My strategy: I went into the draft with two goals in mind: 1) Grab the major enhancements to the OS X features I already use and 2) keep an eye peeled for organizational tools that will help me bring order to my cluttered Desktop. I’m sure there are plenty of people out there who are quite excited about all the under-the-hood additions to Leopard (see Griffiths, Rob), but I wanted to focus on improving the apps I already use to handle my daily to-dos.
iChat’s Screen Sharing feature might seem like an odd choice for the first overall pick of the draft, especially with the rest of Leopard’s 300-plus features there for the taking. But it’s not so difficult to understand when you realize just how much I use iChat to stay in constant communication with far-flung editors and contributors. Right now, iChat’s an ideal way to dole out assignments, check on the progress of a story, and bandy suggested edits back and forth; the prospect of also being able to collaborate directly on these projects via Screen Sharing makes OS X’s built-in messaging client about as essential as an app can be for my needs.
The No. 1 overall selection in our draft—iChat Screen Sharing.
I realize my second-round pick of Core Animation flies in the face of my stated draft strategy to avoid features that had little to do with my day-to-day existence. Core Animation may be aimed squarely at developers, but I believe this Leopard addition will dramatically affect the look and capabilities of the apps we use on our Macs for years to come. So when it was still available at the end of the second round, I grabbed it before anyone else could get their mitts on it. Sometimes you go with the best available talent.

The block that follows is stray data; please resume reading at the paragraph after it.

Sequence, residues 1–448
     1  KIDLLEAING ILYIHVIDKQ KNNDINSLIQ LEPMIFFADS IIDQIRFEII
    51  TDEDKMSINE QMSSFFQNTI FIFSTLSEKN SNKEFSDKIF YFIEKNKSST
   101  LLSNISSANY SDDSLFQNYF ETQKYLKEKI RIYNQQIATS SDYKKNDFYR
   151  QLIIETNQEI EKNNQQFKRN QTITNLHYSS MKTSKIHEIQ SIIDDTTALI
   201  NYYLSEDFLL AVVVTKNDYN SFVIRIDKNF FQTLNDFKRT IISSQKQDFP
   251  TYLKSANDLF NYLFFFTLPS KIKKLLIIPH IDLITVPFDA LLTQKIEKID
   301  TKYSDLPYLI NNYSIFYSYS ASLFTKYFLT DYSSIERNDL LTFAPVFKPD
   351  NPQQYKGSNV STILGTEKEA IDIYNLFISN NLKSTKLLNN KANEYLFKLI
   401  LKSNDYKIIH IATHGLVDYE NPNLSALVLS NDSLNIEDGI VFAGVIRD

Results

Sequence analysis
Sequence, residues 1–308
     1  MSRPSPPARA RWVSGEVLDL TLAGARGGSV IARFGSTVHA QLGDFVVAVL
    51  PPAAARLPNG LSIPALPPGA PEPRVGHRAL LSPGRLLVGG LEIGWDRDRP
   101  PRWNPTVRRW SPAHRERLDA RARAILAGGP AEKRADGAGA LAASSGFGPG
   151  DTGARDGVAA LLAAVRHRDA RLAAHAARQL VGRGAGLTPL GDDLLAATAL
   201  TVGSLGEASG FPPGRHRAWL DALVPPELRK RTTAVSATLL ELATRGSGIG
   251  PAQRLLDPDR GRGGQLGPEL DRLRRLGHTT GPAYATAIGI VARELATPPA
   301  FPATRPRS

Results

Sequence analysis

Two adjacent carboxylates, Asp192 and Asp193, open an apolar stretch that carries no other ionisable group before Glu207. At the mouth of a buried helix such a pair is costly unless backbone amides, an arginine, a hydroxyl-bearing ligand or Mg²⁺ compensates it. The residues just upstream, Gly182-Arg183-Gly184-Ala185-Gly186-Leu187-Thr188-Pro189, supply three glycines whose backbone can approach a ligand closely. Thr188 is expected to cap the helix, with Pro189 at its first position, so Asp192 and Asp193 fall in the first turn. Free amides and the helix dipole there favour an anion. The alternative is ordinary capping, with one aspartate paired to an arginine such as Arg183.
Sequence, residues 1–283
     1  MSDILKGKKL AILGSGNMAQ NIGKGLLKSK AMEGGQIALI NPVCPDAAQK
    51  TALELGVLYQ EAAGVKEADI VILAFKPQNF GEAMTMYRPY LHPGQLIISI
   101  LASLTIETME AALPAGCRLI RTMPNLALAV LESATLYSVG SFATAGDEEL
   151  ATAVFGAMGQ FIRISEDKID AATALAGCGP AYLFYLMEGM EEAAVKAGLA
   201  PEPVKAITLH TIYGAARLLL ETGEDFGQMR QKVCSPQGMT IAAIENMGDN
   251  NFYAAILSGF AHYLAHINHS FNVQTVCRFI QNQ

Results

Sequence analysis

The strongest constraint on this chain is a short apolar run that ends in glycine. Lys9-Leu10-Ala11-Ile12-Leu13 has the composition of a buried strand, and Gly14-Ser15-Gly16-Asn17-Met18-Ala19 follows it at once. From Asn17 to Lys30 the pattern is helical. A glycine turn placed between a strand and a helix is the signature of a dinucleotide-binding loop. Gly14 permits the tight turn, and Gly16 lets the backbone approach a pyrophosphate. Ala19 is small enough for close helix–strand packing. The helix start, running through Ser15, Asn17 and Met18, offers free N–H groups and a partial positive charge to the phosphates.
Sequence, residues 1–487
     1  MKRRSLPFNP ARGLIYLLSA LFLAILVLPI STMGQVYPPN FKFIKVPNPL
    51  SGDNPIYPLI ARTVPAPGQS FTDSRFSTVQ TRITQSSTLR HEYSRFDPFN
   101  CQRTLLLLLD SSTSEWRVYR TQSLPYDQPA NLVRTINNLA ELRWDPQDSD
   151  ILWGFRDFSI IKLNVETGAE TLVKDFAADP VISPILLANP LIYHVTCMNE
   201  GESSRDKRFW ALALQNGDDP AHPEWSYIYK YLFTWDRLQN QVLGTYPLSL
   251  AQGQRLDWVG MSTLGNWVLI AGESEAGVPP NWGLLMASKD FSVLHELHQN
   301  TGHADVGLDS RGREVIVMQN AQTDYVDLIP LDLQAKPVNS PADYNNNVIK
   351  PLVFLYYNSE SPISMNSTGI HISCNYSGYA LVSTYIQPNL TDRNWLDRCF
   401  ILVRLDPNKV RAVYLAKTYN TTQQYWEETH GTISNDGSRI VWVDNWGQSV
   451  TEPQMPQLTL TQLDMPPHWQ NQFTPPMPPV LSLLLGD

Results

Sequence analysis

If you watch the NFL Draft on television each spring, you’re likely familiar with the scene that accompanies every New York Jets selection. Because the draft takes place in New York, the auditorium is jammed with Jets fans, who, more often than not, greet each of their favorite team’s picks with a chorus of boos and catcalls.
I can now sympathize with the beleaguered Jets front office, after my fifth-round pick of Finder’s Cover Flow feature inspired howls of derision from my fellow editors. Let them mock me—rather than just being eye candy, Cover Flow, if properly implemented, has the potential to help me easily sort through files by offering at-a-glance views of every document I scroll through.
What I’d never pick: About the time movie ticket prices spiraled north of $10 while the theater floors remained sticky, the refreshments stayed overpriced and unappetizing, and the rest of the audience continued to gab during the feature presentation, I stopped going to the local cineplex. So I don’t really need a Movies Widget in Dashboard to tell me all about the mediocre blockbusters I have no intention of paying good money to see.